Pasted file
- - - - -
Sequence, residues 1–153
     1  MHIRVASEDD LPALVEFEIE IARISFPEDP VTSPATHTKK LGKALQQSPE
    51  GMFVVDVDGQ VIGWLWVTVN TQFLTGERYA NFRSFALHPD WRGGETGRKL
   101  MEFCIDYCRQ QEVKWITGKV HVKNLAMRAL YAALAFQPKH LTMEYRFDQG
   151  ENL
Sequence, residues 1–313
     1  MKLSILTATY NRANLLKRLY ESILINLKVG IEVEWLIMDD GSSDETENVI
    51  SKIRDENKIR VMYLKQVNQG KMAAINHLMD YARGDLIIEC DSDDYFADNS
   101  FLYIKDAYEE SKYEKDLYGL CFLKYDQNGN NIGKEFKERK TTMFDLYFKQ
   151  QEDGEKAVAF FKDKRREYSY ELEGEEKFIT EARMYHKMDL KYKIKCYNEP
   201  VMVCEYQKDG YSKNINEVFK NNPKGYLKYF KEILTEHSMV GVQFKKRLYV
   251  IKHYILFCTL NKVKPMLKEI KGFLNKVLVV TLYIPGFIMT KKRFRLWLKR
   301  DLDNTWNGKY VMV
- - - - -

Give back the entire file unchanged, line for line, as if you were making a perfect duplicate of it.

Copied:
Sequence, residues 1–153
     1  MHIRVASEDD LPALVEFEIE IARISFPEDP VTSPATHTKK LGKALQQSPE
    51  GMFVVDVDGQ VIGWLWVTVN TQFLTGERYA NFRSFALHPD WRGGETGRKL
   101  MEFCIDYCRQ QEVKWITGKV HVKNLAMRAL YAALAFQPKH LTMEYRFDQG
   151  ENL
Sequence, residues 1–313
     1  MKLSILTATY NRANLLKRLY ESILINLKVG IEVEWLIMDD GSSDETENVI
    51  SKIRDENKIR VMYLKQVNQG KMAAINHLMD YARGDLIIEC DSDDYFADNS
   101  FLYIKDAYEE SKYEKDLYGL CFLKYDQNGN NIGKEFKERK TTMFDLYFKQ
   151  QEDGEKAVAF FKDKRREYSY ELEGEEKFIT EARMYHKMDL KYKIKCYNEP
   201  VMVCEYQKDG YSKNINEVFK NNPKGYLKYF KEILTEHSMV GVQFKKRLYV
   251  IKHYILFCTL NKVKPMLKEI KGFLNKVLVV TLYIPGFIMT KKRFRLWLKR
   301  DLDNTWNGKY VMV